8. #8 Kaleberg
    June 23, 2007

    Cancer was just showing up on medical radar in the 1930s, and they didn’t have a lot to treat it with besides surgery and radiation. There were so many other ways to drop dead that most people didn’t live long enough to get cancer.

    Interesting, one of the big breakthroughs in the 1930s was chemotherapy. That’s right, sulfa drugs were called chemotherapy back then because you ingested a chemical to cure your illness. Nowadays chemotherapy implies a chemical treatment for cancer.

    People definitely knew that X-Rays had their downside. I remember one account of problems planning a menu for an X-Ray researcher banquet. They needed food that people could eat even after having lost a few fingers to X-Ray burns. Odin gave an eye for knowledge. What were a few fingers?

    In the 1930s, they emphasized the positive because they were suddenly able to cure the incurable. The use of penicillin after the Coconut Grove fire in Boston was almost miraculous.

    In the early 1900s doctors could do just a bit more than nothing. In fact, it was hard won knowledge that doing nothing was better than what they had been doing.

    Now doctors can do a lot. When they discovered that TB could be cured with streptomycin, it was a godsend. The fact that it might deafen you was well known, but they also knew what TB could do to you, and others who caught it from you. We have alternatives, so it is worth our while to search for the best cure with fewest side effects. We haven’t always had that luxury.

  9. #9 wrg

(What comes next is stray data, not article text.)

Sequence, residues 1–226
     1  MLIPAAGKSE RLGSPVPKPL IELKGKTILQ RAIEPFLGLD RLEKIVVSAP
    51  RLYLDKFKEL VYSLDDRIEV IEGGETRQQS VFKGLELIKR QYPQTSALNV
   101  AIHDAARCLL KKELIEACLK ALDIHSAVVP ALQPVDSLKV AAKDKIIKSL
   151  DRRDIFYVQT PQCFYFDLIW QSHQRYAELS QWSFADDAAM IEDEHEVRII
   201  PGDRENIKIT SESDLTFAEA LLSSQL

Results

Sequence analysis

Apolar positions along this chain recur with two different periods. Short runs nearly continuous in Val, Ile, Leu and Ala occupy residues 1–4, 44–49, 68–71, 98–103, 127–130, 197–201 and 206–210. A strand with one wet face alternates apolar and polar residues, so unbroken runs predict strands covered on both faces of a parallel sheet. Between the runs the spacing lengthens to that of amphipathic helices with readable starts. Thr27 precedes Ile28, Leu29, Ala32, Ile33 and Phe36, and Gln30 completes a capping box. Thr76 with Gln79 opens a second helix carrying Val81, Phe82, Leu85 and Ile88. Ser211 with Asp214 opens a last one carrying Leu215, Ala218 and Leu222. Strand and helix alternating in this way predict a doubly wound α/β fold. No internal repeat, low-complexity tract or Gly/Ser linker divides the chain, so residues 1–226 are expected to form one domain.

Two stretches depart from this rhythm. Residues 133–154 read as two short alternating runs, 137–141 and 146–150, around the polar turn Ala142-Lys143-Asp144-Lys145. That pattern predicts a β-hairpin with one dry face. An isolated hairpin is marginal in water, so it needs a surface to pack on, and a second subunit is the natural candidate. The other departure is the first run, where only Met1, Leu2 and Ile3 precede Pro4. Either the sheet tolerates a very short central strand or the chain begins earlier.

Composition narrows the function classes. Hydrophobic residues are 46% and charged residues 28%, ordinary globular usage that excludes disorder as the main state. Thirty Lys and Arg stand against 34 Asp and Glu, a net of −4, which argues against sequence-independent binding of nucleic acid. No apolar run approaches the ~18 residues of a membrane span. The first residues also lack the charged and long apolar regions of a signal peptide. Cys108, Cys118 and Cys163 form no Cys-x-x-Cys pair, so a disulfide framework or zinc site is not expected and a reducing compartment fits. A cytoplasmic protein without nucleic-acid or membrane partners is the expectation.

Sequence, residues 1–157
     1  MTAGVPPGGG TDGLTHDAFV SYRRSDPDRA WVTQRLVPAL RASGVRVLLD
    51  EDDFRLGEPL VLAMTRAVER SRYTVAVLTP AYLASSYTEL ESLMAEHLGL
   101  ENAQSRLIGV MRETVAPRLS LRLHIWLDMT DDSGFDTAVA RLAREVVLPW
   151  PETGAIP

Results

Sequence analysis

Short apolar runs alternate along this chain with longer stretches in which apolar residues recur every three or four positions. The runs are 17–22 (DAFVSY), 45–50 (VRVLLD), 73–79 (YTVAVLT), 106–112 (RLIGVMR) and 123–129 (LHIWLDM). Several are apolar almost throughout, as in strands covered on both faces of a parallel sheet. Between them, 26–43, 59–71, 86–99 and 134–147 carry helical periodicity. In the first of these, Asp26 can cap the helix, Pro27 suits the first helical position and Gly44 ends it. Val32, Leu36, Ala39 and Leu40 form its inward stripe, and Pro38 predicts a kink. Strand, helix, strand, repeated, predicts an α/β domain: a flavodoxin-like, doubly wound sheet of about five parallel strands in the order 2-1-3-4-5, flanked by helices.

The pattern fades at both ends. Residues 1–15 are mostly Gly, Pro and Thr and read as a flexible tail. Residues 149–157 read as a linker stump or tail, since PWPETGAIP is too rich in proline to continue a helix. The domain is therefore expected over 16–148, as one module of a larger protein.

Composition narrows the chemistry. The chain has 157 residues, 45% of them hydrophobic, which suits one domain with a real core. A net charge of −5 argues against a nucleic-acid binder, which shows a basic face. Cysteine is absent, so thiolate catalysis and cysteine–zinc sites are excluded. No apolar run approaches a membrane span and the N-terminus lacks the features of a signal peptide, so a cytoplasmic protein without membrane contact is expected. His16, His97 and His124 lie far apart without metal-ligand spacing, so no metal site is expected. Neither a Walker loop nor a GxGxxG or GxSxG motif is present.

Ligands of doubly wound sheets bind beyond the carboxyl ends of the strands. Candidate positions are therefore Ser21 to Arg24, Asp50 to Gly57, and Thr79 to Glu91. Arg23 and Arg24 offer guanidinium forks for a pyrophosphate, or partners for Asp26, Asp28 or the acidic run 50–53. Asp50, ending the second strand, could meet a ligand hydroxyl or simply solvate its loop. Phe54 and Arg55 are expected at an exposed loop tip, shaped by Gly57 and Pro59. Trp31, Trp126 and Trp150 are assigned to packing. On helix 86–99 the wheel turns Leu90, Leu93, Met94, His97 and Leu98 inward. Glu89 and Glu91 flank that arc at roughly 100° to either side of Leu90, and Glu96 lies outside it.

June 24, 2007

    I’m wondering what “the immense source of power from hemispherical bodies” mentioned at the end is. Does it have anything to do with the X-ray sex? I tend to think of stars for lots of energy, but they’re roughly spherical.

    Oh, well. Rereading and reflection suggest that the mentioned “changing of sex” refers to the property, not to the activity.

  10. #10 Common Sense
    June 24, 2007

    “Except that vaccines do not trigger autism”.

    Oh, but they do….

    I’m also pretty darn sure all those dopey MD’s back in 1930’s didn’t realize that x-rays could cause cancer either. You would have been one of them, Orac, had blogs been the norm back then 🙂 I can just see it now… mocking those morons who questioned the over-use of x-rays. There is one thing that we all know for sure… MD’s have been and continue to be the biggest morons out there when it comes to understanding what so many can see as simple common sense.


  11. #11 Orac
    June 24, 2007

    No, they don’t.

    Simply repeating it doesn’t make it so. The scientific evidence does not support a vaccine-autism link.

  12. #12 mumkeepingsane
    June 24, 2007

    “Oh, but they do…. ”

    Proof please!

  13. #13 notmercury
    June 24, 2007

    Oh, but they don’t.

    There. Now the debate is balanced.

  14. #14 Common Sense
    June 24, 2007

    Bunch of dunces… The only beautiful part of this debate is that you dopes are going to look so foolish one day… it could be 1 year or 30 years but it will be here. Some other dopey MD will be posting about how the dopey MD’s back in the 1990’s were so moronic to believe that mercury was safe to inject into babies.


  15. #15 James
    June 25, 2007

    (sniffs the air)

    Is that a Galileo Gambit I can smell?

    Actually it sounds a bit like a mad scientist:

    Fools! They said I was mad! But I’ll show them!! I’ll show them all!!! MWUWAHAHAHA!!!!!

  16. #16 PT
    June 25, 2007

    “A bill was actually introduced into the New Jersey State Legislature forbidding the use of X-rays in opera glasses on the grounds that public modesty would be outraged…”

    Interesting to see that government knee-jerk reactions to basic misunderstandings of science are nothing new.

  17. #17 Meg Thornton
    June 27, 2007

    I have just one small question: if it has been proven that vaccination causes all of these problems (and please note, I’m not saying this is necessarily the case), then surely there would be a historical record of an increase in vaccine-triggered illnesses in the 1800s, back when the first vaccinations (for smallpox) were available in England? Does the historical record show such an increase in the incidence of such illnesses?